Technology is not without its downside. Internet -- that great lowest common denominator of human
discourse -- has freed people from the consequences of face-to-face
debate, thus fostering behavior that once would have been severely rebuked.
It was not always thus.
Back when I was a little kid (about the time the
dinosaurs were roaming the earth), a different set of standards governed
behavior and deportment, at least in the rural South, where I grew up.
You did what you were told, you didn't sass your elders, you spoke when
spoken to, you didn't say "bad" words, if you made a mess you
cleaned it up, you got ready for church on time --
and behaved while you were there -- and you never complained about
anything, because if you did you got a stern lecture about how all the poor
starving people in China would be grateful for one tenth of what you
On top of that, you had not the slightest suspicion that the way
you lived would be considered to be borderline poverty by the rest of the
The reward was, of course, that you got to roam the
woods and hills with your pals on your own and to explore nature and have
fun in a way that city folk never could. You became independent,
self-sufficient, self-reliant and able to know when to keep you mouth shut
and when to open it -- usually when you wanted more black-eyed peas at the
supper table, supper being the last meal of the day, not like today, when
everyone has "dinner" at 7 PM, rather than at noon, like they properly
should. And if you crossed the line defined by Mother, Grandmother,
and even Great Aunt, out would come the dredded "switch" -- which stung
like the dickens on bare legs.
Which led to another lesson for callow youth -- remain
silent, keep your own counsel and never let your elders know what you were
thinking or doing. Being a blabbermouth would only lead to
embarrassing questions and was sure to get you into big trouble, possibly
even supper without dessert. One
eventually learned, assuming there was something between the ears besides
cotton, that one could garner favorable attention through deeds rather than
by shouting "look at me" repeatedly.
Irritating Internet Insinuations
Which brings us to today.
It seems that somewhere along the way, the passing of the dinosaurs gave rise to the Internet, and with it
the "tyrant lizards" were replaced by entitled, loud-mouthed narcissists who self-evidently never got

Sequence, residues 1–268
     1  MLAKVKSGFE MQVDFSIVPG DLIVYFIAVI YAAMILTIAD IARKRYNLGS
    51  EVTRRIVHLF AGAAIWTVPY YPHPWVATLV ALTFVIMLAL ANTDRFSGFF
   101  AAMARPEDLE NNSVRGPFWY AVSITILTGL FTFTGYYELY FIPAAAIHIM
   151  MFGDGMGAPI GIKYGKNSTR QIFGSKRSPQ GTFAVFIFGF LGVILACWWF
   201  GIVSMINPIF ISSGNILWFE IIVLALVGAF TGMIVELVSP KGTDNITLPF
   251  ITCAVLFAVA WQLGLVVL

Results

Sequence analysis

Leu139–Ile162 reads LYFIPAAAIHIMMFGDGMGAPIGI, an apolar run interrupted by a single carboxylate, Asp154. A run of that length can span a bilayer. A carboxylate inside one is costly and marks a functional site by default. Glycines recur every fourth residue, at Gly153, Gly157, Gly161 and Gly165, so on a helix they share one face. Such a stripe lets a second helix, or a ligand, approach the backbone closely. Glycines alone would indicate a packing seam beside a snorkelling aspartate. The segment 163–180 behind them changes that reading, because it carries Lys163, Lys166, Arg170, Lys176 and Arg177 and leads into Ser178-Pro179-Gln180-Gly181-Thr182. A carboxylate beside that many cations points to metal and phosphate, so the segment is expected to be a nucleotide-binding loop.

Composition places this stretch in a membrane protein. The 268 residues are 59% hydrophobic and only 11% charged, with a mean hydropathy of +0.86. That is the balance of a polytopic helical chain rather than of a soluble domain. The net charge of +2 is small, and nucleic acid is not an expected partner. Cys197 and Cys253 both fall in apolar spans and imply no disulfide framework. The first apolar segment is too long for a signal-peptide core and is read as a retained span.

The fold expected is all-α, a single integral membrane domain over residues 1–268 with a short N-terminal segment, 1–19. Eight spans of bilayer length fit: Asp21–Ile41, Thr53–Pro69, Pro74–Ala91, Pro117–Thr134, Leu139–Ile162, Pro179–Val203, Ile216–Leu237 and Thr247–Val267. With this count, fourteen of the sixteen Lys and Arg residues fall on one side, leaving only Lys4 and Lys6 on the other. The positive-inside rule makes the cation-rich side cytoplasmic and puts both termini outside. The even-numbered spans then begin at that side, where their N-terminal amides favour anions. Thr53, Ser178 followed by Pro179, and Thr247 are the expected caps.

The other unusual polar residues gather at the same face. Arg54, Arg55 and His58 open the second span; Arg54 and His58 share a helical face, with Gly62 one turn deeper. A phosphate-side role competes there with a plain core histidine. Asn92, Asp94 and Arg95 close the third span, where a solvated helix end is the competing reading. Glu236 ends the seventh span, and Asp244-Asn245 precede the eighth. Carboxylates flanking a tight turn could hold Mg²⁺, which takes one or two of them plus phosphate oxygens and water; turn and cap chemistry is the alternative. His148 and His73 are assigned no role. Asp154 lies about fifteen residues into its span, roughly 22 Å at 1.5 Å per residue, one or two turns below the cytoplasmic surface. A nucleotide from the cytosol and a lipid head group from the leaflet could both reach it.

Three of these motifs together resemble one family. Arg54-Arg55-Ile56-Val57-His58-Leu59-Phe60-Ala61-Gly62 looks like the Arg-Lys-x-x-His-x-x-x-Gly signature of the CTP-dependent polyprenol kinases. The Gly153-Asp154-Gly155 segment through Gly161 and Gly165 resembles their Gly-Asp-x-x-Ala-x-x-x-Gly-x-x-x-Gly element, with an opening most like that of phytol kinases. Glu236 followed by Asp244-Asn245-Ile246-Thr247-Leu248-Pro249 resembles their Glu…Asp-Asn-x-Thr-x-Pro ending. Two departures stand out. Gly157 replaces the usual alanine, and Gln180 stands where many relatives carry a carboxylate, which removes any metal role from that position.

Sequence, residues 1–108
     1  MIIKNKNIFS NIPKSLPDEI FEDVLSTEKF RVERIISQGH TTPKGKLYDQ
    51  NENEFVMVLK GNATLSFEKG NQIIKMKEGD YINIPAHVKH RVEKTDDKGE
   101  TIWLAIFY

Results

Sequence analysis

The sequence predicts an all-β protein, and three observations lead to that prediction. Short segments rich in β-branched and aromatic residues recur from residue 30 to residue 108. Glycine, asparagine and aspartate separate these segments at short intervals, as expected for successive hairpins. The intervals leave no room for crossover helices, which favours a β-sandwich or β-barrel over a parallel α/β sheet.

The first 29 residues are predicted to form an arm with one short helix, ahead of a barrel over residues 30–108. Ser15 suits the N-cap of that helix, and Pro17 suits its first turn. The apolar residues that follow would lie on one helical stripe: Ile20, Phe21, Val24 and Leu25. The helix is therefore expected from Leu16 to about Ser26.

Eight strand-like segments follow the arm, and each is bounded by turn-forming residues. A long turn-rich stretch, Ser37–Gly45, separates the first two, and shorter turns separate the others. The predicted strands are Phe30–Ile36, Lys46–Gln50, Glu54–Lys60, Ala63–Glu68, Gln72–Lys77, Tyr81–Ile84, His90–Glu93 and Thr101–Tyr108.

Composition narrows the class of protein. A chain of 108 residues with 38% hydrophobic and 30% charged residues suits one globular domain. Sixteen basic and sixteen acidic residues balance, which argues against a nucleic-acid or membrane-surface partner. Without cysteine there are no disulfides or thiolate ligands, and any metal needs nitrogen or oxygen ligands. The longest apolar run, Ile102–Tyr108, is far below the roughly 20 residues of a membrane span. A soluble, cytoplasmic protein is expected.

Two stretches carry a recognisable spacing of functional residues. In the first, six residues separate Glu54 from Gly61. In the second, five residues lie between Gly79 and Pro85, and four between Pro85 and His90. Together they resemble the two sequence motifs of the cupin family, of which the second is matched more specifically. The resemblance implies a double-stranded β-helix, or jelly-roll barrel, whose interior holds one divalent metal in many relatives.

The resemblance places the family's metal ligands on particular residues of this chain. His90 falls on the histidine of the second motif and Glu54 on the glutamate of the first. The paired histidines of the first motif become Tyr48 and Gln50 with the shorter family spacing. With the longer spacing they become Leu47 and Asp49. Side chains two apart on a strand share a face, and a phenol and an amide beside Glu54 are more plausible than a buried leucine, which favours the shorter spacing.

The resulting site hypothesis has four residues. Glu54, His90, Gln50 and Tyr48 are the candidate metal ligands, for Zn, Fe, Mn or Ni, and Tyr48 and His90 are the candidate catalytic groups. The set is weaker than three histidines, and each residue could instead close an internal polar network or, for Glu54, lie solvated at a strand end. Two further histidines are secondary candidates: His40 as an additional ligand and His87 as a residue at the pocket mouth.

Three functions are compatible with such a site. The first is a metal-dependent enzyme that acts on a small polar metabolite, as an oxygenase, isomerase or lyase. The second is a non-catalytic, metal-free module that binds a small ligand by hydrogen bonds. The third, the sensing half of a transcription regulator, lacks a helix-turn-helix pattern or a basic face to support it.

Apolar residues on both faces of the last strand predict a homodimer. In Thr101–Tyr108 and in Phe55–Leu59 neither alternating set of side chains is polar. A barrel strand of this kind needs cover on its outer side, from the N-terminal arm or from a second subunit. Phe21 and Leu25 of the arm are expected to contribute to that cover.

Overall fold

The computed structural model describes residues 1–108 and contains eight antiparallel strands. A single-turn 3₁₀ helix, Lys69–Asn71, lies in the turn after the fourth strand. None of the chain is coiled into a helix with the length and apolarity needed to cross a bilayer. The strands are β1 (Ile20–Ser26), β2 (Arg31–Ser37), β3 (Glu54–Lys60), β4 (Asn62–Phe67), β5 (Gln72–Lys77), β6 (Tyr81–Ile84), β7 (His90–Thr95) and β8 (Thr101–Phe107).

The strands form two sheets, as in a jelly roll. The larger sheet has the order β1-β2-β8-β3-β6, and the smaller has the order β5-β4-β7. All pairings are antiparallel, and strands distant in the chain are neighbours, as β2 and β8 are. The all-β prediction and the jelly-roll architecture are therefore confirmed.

a dose of the switch -- else they would surely exhibit a little more
self-restraint. And who, having gotten loose from the dark recesses of
their perfervid imaginations, thence found their way into photography forums
pretty well wrecking the language as well as basic civility in the process.
And that is pretty much the origin of grumpy Grandpa's gearhead gripes -- the
opinings of those self-same new generation Internet scourges who make the
online experience so much like an old style Wild West verbal brawl. My personal pet peeves, related to photography, are listed below
-- in no particular
order, and as an open ended list. There will undoubtedly be more. .
People in gear
discussion forums who insist that gear discussion be terminated and
everyone go out and make photos. As if they didn't when they weren't
discussing gear on gear forums. And then there are people who
conflate artistic creativity with gear capabilities -- typically
deriding interest in new gear with the comment that it won't improve
one's images. In the artistic sense, no, of course not. But
as an enabler to expand imaging possibilities (e.g. with more
resolution, faster frame rates, better tracking capability, better
dynamic range, etc.), more is often better. Dealt with
Photographer or Gear?
People who insist
that any camera a pro uses is a pro camera, thus violating a fundamental
tenet of information theory. For the relevant math lesson, consult
What is a Pro Camera Anyway.
People who harp on camera company A, B or C's failure to